Each year, as we begin to set new goals for ourselves as a business, I also like to look at our numbers to see how we're doing as a business with achieving our equity goals. In case you missed it, we operate under a set of initiatives first set forth by Danielle Adams of Hemp Equity NC for businesses in the CBD/cannabis space to adhere to. We use them as a standard for holding ourselves accountable as white business owners in the CBD/cannabis industry. As such, Garden Party is committed to the following:
-Hiring individuals regardless of criminal record.
-Offering livable wages to our employees as we grow.
-Actively and continually sharing a portion of our profits to communities negatively affected by the war on drugs.
-Striving to work with vendors that abide by fair labor practices.
-At least 15% of the goods we sell will be procured from businesses owned by people of color.
Just as we did last year around this time, I'd like to break down a few of our numbers to share with you as we continue our efforts to operate our business with equity in mind. We are still faced with certain barriers given the size and scale of our business, and I think it's important to remain transparent about where we're at.
First, we remain committed to fair and transparent hiring practices as much as possible. This means when we begin the hiring process, we do not look at or ask anyone to provide things like criminal records as a means by which to judge someone's worthiness and capabilities. We welcome ALL to apply, and ALL are welcome inside our business. We also strive to work with other vendors and businesses who share similar values. That means we aim to work with others that are also practicing fair labor standards, care about quality of product, and are transparent about their own business practices.
According to JustEconomics, the current Living Wage Rate for Buncombe County is $17.70/hour with or without health benefits. Currently, our Sales Position starting salary is set at $17/hour, up $2 from this time last year. That feels like an achievement in and of itself, but Seth and I do not currently pay ourselves a living wage (as is typical for small businesses like ours). As we continue to grow and expand, this is one of our priorities that I hope can be achieved by year 5.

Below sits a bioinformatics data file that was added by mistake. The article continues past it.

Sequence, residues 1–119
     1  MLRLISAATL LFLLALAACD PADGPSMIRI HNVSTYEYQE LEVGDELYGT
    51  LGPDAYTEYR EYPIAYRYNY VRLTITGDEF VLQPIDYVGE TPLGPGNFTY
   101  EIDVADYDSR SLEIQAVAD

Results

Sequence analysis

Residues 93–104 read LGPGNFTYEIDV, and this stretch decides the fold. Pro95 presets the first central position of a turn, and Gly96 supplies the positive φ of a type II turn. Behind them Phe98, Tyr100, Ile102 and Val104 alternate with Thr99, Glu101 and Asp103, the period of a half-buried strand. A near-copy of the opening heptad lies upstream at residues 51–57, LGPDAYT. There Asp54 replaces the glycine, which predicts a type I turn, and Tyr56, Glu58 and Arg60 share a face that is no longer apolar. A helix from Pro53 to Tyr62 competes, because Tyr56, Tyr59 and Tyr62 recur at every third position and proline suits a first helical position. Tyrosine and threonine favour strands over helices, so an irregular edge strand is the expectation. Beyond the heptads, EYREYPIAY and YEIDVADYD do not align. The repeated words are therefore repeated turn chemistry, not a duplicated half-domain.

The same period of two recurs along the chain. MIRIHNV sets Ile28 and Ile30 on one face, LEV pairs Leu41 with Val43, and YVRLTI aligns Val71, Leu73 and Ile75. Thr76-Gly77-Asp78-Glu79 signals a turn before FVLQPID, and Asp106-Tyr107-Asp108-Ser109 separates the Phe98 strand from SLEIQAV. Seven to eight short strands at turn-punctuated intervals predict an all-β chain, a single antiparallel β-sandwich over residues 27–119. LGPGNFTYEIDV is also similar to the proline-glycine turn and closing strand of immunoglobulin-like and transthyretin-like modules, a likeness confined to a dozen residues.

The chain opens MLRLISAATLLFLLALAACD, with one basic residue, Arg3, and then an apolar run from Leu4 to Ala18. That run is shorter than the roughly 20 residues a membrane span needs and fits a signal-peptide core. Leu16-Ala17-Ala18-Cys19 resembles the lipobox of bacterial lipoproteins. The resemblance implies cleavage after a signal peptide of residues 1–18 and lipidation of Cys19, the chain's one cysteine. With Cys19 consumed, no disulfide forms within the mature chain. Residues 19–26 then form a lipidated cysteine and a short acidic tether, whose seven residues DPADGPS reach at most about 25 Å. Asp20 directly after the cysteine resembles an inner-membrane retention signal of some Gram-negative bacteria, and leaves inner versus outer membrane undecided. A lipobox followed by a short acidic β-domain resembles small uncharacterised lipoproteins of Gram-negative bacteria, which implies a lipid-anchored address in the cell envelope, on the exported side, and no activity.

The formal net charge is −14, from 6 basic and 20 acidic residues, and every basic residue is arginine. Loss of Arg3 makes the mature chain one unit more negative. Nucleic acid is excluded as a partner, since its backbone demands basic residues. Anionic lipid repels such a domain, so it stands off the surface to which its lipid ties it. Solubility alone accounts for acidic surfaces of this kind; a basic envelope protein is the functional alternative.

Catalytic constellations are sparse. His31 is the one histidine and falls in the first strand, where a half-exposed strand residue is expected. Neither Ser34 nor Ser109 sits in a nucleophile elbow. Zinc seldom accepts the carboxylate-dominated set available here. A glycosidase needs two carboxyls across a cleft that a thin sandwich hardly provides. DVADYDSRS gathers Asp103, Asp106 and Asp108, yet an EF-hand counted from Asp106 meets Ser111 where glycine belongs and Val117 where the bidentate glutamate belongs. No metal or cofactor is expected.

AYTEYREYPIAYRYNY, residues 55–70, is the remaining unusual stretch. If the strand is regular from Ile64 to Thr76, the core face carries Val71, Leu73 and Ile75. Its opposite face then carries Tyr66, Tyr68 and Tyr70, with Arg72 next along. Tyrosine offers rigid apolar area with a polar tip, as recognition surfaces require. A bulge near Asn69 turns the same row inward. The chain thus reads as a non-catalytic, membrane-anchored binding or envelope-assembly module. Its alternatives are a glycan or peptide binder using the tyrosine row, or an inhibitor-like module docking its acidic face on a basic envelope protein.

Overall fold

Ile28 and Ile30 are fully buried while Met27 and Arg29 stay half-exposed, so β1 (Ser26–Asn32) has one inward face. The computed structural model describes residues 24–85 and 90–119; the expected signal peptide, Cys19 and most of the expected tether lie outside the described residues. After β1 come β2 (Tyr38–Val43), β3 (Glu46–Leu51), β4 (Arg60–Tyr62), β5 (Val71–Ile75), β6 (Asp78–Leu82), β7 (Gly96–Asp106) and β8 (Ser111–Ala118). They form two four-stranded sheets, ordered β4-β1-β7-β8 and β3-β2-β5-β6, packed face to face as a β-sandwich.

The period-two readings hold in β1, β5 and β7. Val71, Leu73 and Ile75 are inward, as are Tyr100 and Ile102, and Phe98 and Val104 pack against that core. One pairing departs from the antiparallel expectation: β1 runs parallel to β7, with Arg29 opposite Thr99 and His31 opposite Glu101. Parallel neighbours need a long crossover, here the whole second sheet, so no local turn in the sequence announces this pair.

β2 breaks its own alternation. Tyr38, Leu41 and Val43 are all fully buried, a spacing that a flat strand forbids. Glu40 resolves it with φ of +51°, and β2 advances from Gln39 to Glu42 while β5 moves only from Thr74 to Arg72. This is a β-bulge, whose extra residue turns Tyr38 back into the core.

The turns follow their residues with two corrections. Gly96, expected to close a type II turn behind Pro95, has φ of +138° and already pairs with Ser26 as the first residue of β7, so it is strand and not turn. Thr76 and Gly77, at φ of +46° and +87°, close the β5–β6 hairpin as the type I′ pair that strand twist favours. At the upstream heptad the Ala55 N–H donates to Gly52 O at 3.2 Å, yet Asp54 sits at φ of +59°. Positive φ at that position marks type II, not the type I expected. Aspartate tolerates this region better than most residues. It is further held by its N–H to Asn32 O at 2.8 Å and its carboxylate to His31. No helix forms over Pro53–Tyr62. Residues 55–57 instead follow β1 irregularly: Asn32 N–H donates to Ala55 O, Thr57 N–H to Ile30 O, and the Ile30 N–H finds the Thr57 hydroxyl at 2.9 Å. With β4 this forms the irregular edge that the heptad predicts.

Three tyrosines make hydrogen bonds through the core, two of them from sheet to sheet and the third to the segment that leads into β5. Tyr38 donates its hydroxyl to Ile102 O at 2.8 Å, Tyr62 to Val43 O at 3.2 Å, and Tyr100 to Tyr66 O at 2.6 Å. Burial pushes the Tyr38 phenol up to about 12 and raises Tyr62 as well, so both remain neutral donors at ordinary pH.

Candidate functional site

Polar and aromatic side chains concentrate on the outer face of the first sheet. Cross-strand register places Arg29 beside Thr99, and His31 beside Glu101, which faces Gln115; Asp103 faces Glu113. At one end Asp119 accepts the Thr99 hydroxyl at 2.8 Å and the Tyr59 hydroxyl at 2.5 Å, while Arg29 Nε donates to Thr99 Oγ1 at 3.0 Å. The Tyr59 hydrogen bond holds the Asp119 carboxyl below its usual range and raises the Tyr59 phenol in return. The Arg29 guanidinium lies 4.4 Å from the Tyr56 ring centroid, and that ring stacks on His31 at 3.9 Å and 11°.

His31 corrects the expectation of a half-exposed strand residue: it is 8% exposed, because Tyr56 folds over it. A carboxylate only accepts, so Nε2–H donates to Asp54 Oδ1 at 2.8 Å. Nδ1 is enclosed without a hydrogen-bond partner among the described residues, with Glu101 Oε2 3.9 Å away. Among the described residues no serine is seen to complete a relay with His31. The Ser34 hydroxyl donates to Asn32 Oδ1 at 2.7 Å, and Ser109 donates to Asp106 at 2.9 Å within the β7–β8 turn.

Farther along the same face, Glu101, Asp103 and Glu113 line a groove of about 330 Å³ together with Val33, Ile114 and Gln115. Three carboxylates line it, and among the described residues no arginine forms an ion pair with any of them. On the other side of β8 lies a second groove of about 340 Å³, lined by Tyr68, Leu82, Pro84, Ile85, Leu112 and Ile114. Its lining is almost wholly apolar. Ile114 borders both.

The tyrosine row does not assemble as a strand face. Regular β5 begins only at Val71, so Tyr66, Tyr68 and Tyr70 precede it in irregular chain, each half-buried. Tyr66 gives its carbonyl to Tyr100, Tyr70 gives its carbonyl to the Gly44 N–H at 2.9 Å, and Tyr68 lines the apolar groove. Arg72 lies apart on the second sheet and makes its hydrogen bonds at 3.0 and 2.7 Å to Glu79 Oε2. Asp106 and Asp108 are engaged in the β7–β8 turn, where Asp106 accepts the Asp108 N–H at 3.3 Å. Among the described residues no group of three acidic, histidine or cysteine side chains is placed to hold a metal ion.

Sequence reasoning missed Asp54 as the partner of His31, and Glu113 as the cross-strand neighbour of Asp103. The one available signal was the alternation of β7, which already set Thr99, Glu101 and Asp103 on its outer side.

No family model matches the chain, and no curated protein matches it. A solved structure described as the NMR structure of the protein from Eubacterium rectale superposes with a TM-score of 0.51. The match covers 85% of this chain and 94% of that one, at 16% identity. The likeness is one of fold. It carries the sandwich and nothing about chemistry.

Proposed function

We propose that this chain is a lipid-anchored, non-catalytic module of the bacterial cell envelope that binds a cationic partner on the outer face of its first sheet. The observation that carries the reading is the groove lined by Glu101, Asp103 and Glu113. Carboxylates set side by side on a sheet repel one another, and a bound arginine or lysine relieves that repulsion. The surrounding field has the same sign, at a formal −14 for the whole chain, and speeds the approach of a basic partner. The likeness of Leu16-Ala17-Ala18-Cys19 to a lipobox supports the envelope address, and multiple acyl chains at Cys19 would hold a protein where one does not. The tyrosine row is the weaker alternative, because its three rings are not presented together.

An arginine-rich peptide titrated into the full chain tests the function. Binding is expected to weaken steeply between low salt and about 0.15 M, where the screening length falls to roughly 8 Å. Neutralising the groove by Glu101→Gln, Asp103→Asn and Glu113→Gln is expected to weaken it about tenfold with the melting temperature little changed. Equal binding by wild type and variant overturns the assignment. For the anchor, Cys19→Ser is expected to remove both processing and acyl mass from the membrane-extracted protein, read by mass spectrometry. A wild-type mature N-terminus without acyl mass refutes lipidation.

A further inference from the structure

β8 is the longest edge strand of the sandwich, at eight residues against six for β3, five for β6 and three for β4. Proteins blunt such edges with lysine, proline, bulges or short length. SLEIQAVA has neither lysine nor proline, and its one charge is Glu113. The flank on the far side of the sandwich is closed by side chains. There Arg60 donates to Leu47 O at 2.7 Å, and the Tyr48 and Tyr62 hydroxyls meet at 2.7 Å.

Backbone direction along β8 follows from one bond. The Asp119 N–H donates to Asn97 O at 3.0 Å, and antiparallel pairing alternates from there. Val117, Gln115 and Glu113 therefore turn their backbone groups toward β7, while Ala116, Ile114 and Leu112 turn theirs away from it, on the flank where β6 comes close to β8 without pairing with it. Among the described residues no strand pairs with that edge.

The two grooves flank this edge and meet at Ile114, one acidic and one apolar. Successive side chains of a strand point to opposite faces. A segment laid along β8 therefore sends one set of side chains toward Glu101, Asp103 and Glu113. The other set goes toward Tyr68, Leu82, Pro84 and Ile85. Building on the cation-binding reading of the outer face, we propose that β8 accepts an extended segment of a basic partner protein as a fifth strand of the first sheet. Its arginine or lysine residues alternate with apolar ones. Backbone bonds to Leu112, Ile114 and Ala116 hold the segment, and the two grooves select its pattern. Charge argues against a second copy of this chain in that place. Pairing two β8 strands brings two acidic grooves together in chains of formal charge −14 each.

In 2021, we donated approximately $1,219 to non-profits and mutual aid funds. This makes up 1.38% of our gross profits. In last year's breakdowns, I had set a goal of us reaching 5% in 2021, which in hindsight feels lofty considering these numbers are down from what they were last year. I don't think we could've anticipated the ongoing effects of Covid-19, in addition to the regular challenges small businesses like our face. Access to capital and tight cash flow found us having to keep a much stricter budget than the previous year. But we're really grateful that we were able to contribute what we could in 2021. We also remain committed to our membership in the Floret Coalition, which collectively raises over $10k each month to an organization of the Floret board's choosing. It's been a great way not only to connect with new organizations I might not have otherwise known about, but also provides a means by which I know we are donating a minimum of $50 each month no matter what.
Finally, as of this writing, 18.84% of our inventory offerings include products from BIPOC-owned businesses. In addition to that, 66% of our offerings are from woman-owned businesses. There are several factors I keep top of mind when we choose to work with a new vendor. Things like quality and aesthetics are important to me, but it's equally important for us to carry BIPOC-owned brands and businesses. Supporting Black and Brown owned businesses means the likelihood for things like generational wealth, successful entrepreneurship, property ownership, and credit building are shared, community-building opportunities.
So now that we've gone through the numbers, I have a simple ask and it's this: Keep Garden Partying with us. Your continued support of our business means that we can reach our goals and one day, perhaps we'll even surpass them. I often struggle to articulate this, and I hope I do it well enough here--I do acknowledge that we're working within a capitalist society that isn't going away anytime soon. It's true that we want customers to shop with us so that we can pay our bills and keep the lights on. And yes, I'll admit that I would love to achieve financial stability through this venture at some point. But we also want you to keep shopping with us because I think there are ways to operate within this unjust, capitalist system that challenge us to rethink how we assume things are supposed to be so that we can embrace how things can eventually become. Adhering to this set of standards, profit sharing, continuing to have conversations about the negative impact the War on Drugs has had for Black and Brown communities are simply the bare minimum, non-negotiable standard we commit to. While our impact sometimes feels like a ripple effect, I'm hoping that with your help we can start making some waves.
All images by Paula Codoñer for Broccoli Magazine.